September 2010


Robert Forster

Barnsey’s blues

Jimmy Barnes’s ‘Rage and Ruin’

What do Sarah Blasko, Silverchair, The Grates and Jimmy Barnes all have in common? Their latest albums were all made outside Australia using overseas producers. Other bands such as Powderfinger and Bridezilla brought in the overseas producer, while Tame Impala, The John Steel Singers and Dan Kelly recorded in Australia but then sent their albums offshore to be mixed. Why do bands do this? The answer is that we don’t have sufficient numbers of talented producers or engineers to make bands feel confident enough to record here. Artists, management and record companies hear the punch and quality of overseas recordings and know that this will give them an advantage when their songs are taken to local radio and into the marketplace. The problem seems to be that despite the proliferation of audio courses and the years of recording experience, there isn’t a system or culture in Australia that can produce a regular crop of commercial rock producers or maverick, signature-sound engineer/producers – none, at any rate, that a diverse list of Australian artists wish to employ consistently. So Jimmy Barnes, in his chase to produce his tenth number-one album, has gone to LA, a recording location he knows very well.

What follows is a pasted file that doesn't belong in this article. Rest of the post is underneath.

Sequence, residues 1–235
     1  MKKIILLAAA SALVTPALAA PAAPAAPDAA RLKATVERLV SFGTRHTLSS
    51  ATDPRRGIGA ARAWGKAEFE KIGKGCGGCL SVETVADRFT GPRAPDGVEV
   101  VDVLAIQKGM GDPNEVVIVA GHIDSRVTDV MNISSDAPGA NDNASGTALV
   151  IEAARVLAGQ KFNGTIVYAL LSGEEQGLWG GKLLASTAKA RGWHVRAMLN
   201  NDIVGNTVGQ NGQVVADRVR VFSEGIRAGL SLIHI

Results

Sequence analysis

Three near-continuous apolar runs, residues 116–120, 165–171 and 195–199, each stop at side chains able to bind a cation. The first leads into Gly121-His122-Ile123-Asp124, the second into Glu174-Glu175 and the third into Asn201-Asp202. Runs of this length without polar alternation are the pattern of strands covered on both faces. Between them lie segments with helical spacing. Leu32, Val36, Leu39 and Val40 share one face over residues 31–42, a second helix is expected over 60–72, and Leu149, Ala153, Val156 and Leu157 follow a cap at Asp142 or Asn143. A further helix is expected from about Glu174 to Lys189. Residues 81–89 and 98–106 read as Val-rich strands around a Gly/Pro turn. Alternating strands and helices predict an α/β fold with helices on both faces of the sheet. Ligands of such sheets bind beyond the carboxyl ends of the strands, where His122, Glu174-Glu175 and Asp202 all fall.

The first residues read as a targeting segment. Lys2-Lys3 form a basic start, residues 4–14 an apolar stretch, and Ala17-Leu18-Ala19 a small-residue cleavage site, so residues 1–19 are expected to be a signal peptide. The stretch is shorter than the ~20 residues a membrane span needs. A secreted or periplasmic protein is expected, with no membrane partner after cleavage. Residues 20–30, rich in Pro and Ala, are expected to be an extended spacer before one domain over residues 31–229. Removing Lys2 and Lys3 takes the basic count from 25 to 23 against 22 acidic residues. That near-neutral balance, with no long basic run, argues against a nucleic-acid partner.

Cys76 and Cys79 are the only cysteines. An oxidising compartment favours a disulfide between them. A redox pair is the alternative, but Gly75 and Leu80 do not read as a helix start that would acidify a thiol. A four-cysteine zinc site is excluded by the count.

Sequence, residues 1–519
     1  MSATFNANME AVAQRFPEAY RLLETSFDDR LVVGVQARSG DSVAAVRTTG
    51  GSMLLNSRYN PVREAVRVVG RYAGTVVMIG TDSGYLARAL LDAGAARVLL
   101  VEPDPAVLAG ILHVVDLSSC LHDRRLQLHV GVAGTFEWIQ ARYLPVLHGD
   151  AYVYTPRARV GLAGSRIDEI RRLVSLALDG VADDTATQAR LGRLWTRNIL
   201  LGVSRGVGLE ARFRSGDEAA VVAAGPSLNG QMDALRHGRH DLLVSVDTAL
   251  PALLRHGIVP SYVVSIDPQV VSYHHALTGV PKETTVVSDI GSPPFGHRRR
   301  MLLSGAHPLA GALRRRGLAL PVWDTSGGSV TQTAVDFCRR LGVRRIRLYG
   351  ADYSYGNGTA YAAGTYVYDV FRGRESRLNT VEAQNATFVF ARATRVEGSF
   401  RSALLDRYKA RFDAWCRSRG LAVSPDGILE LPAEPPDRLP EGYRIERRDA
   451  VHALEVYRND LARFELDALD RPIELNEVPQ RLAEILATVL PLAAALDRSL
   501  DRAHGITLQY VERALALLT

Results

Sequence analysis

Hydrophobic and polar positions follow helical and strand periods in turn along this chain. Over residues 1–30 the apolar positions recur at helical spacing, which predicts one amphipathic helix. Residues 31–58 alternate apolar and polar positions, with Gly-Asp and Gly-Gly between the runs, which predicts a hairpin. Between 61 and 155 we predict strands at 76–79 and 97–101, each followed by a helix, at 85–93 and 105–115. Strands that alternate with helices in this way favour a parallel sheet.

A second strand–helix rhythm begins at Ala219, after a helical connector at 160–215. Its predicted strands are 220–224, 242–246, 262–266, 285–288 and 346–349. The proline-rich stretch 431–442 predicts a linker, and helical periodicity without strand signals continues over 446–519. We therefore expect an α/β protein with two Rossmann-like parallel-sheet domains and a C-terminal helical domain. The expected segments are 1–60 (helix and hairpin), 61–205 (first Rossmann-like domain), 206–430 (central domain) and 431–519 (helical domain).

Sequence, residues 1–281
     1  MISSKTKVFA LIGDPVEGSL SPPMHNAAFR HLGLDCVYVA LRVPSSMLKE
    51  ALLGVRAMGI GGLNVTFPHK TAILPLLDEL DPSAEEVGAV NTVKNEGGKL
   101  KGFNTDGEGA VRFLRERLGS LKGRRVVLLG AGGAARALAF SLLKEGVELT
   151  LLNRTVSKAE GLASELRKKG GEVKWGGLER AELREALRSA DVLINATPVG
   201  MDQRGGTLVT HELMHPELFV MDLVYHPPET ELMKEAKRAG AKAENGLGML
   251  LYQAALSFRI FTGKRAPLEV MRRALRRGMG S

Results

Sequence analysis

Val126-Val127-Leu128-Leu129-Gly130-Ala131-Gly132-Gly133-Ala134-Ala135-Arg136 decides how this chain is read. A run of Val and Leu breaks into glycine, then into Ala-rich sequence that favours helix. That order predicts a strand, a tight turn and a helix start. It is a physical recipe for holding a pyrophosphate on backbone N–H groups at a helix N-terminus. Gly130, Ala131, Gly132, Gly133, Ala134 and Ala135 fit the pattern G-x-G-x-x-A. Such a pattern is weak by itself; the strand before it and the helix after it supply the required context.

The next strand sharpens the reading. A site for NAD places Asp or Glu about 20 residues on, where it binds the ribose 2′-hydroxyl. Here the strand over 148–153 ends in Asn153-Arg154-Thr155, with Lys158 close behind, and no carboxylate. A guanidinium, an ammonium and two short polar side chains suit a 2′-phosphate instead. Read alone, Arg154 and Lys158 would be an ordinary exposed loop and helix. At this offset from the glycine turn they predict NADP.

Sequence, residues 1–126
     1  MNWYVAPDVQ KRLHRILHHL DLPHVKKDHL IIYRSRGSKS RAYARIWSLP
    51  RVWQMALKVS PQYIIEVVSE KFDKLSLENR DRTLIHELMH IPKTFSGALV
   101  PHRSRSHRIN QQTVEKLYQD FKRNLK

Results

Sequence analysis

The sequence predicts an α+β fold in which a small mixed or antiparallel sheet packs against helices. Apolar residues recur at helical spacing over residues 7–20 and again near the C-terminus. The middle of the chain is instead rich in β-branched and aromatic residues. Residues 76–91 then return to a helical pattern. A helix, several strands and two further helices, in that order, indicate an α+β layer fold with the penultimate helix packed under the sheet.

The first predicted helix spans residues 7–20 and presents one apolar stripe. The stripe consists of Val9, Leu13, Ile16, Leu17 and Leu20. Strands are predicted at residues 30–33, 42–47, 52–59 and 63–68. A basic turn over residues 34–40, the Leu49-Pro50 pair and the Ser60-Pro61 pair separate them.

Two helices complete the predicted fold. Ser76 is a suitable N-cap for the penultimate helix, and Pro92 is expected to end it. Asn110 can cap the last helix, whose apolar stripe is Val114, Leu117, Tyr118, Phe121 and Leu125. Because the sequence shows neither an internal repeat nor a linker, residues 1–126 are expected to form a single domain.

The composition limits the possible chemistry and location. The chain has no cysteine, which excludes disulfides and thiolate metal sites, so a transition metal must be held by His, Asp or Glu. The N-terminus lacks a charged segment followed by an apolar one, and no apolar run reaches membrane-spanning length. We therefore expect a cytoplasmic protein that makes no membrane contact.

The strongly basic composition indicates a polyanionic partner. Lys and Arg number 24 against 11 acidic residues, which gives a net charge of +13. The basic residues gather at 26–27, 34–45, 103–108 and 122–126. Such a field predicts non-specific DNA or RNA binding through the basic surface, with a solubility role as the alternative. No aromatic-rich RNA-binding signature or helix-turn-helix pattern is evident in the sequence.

At the helm of Barnes’s sixteenth solo album is the American producer Don Gehman. Not only has he produced four previous Jimmy Barnes albums, but he was responsible for Hunters and Collectors’ Cut (1992), Diesel’s Hepfidelity (1992) and the co-production of Boom Crash Opera’s Fabulous Beast (1993). Gehman’s critical and industry reputation still rests primarily on his ’80s work, when he produced John Mellencamp’s big-selling breakthrough albums, Scarecrow (1985) and The Lonesome Jubilee (1987), and also REM’s Life’s Rich Pageant (1986), which took them from the indie underground to widespread commercial radio play. With these successful albums and a consistent work ethic – his curriculum vitae also takes in Barbara Streisand, Steve Stills and Neil Young, and Pat Benatar – it is not surprising that Gehman was an attractive option when Barnes first hooked up with him back in 1990 for the Two Fires album. And for Rage and Ruin Gehman has brought in the top session players once again, musicians with credits such as Bon Jovi, Bruce Springsteen, John Mellencamp and The Eagles listed in brackets after their names in the record’s promotional material. So it’s known hands, big-name players and a producer who loves his drums loud and metronomic, his guitars neat and hooky and his mixes smooth.